Chocks And Blocks


An essential part of a safe working environment is the use of chocks and blocks when loading or unloading trucks and trailers. Every year, workers are severely or fatally injured because the wheels of a truck or trailer were not chocked.

Accidents happen when a truck or trailer rolls away from the dock because no one took the time to chock the wheels.

In some cases, drivers who got out of the cab were crushed by their own truck. In other cases, forklift drivers were injured when the forklift fell between dock and a trailer that moved away.

Chocks And Blocks

The wheels of trucks or trailers at a dock should always be chocked prior to the start of any operation.

Forklift drivers should never enter a trailer without first verifying that the wheels have been chocked, and that the floor of the trailer is in good condition and capable of supporting the weight of the forklift and its load.

In most states, OSHA requires that vehicle wheels be chocked prior to permitting forklifts to enter trailers.

Positioning of chocks is important. The purpose of the chock is to pin the wheels and hold them stationary so that the tractor or trailer can’t move. However, if they aren’t placed in the right location they don’t always prevent movement of the wheels.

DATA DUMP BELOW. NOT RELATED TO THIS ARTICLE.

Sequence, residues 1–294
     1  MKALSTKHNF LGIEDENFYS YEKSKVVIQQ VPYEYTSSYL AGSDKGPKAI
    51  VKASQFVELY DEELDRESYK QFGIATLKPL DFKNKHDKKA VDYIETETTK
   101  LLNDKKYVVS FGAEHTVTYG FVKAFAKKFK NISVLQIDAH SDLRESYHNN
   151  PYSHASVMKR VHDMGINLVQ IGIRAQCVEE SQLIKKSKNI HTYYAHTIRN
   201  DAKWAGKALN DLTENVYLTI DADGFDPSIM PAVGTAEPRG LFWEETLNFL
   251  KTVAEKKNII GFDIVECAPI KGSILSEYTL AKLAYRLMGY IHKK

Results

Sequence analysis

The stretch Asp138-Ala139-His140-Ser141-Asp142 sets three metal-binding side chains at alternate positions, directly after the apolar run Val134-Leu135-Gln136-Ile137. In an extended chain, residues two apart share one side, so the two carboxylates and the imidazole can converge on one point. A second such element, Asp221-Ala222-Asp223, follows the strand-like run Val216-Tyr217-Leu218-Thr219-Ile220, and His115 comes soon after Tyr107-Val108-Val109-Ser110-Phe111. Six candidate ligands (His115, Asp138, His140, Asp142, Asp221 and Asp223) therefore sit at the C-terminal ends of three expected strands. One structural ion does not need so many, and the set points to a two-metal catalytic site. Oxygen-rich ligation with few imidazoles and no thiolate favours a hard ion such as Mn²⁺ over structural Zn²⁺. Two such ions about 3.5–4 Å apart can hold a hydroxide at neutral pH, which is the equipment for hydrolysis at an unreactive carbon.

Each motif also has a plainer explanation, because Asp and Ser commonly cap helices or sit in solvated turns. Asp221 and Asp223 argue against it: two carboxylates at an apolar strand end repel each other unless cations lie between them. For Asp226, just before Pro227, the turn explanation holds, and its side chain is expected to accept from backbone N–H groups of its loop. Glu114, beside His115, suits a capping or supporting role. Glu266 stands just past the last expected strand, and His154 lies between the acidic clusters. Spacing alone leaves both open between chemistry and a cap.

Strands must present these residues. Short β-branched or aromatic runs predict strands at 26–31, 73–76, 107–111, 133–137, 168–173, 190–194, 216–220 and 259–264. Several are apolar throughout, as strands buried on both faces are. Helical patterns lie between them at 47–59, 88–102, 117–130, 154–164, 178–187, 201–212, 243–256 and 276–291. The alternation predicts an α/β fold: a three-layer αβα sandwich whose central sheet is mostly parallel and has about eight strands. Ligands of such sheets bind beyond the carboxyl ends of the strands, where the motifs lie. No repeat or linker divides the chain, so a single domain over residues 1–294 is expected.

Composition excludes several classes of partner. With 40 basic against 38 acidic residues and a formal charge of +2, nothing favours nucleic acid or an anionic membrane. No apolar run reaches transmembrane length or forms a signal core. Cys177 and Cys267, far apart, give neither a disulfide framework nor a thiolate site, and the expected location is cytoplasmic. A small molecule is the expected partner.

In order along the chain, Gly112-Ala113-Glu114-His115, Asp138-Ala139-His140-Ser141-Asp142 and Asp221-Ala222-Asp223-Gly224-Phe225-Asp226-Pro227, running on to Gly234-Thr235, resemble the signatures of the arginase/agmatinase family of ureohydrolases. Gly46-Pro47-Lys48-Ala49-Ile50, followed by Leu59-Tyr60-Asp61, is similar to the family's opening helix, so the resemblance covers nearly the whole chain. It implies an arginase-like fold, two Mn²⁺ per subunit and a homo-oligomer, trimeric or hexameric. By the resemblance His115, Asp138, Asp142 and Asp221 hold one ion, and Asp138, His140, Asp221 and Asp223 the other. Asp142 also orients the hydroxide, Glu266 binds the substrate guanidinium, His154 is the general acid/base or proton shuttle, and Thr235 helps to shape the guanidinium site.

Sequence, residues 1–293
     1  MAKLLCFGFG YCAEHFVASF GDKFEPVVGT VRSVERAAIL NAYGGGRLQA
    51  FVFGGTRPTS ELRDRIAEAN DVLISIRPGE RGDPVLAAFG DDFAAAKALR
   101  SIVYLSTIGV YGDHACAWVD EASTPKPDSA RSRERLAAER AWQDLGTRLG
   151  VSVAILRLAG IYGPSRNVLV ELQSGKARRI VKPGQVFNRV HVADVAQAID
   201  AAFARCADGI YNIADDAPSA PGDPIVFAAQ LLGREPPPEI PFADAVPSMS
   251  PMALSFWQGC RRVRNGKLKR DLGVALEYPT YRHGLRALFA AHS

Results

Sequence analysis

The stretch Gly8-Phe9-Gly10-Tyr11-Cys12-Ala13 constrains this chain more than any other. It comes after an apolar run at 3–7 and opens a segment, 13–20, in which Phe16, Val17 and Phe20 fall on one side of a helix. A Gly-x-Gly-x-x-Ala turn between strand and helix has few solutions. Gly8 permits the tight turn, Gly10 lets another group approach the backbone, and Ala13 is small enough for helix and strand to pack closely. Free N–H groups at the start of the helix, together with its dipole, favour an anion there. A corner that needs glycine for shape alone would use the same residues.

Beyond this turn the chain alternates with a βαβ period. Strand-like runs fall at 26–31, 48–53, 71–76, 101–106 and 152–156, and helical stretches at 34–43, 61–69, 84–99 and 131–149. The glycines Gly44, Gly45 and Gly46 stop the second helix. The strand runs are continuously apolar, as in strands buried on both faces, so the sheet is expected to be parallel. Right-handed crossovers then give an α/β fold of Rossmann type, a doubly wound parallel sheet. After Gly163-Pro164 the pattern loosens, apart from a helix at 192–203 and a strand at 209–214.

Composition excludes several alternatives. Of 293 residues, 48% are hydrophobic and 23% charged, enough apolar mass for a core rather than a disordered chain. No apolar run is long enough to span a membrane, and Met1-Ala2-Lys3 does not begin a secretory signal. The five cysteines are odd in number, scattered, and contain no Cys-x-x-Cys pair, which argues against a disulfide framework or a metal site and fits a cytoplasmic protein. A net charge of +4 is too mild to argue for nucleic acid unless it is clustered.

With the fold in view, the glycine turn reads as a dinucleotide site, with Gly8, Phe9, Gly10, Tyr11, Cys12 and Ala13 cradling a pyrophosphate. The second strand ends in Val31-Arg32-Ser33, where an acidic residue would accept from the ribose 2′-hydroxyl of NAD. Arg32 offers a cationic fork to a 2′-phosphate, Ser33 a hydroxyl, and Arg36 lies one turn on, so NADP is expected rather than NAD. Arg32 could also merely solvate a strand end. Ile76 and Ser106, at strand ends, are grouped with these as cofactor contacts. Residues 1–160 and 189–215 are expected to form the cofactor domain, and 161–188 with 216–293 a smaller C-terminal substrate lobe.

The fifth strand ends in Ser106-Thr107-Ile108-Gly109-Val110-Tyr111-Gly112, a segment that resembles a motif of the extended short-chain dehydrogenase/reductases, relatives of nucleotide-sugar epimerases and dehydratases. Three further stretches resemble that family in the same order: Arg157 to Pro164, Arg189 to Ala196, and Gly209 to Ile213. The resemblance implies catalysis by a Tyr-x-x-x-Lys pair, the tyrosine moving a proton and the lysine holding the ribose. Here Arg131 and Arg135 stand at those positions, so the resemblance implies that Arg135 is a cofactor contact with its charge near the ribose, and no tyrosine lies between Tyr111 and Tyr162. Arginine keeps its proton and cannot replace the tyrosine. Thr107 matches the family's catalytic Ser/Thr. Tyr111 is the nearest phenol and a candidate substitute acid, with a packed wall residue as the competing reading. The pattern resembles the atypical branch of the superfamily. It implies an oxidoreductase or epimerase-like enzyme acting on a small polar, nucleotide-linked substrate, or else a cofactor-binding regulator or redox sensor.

The safest procedure is to always chock the wheels closest to the dock–especially on a tandem-axle trailer. The reason is the lift truck entering the trailer can exert a downward force which helps pin the wheels more effectively against the chock.

When the front axle is chocked, the forward motion of a forklift entering the trailer may loosen the chock, allowing the trailer to move forward, or even jump the chock.

Be sure the correct equipment is always available. Every loading dock should be equipped with chocks, which if properly used, will keep vehicles from moving while being loaded or unloaded, especially when forklift trucks are used.

Chocks will more likely be available at all times if they are fastened to the dock with a chain or rope to prevent their “disappearance.” It is a good idea to store them out of traffic areas when not in use.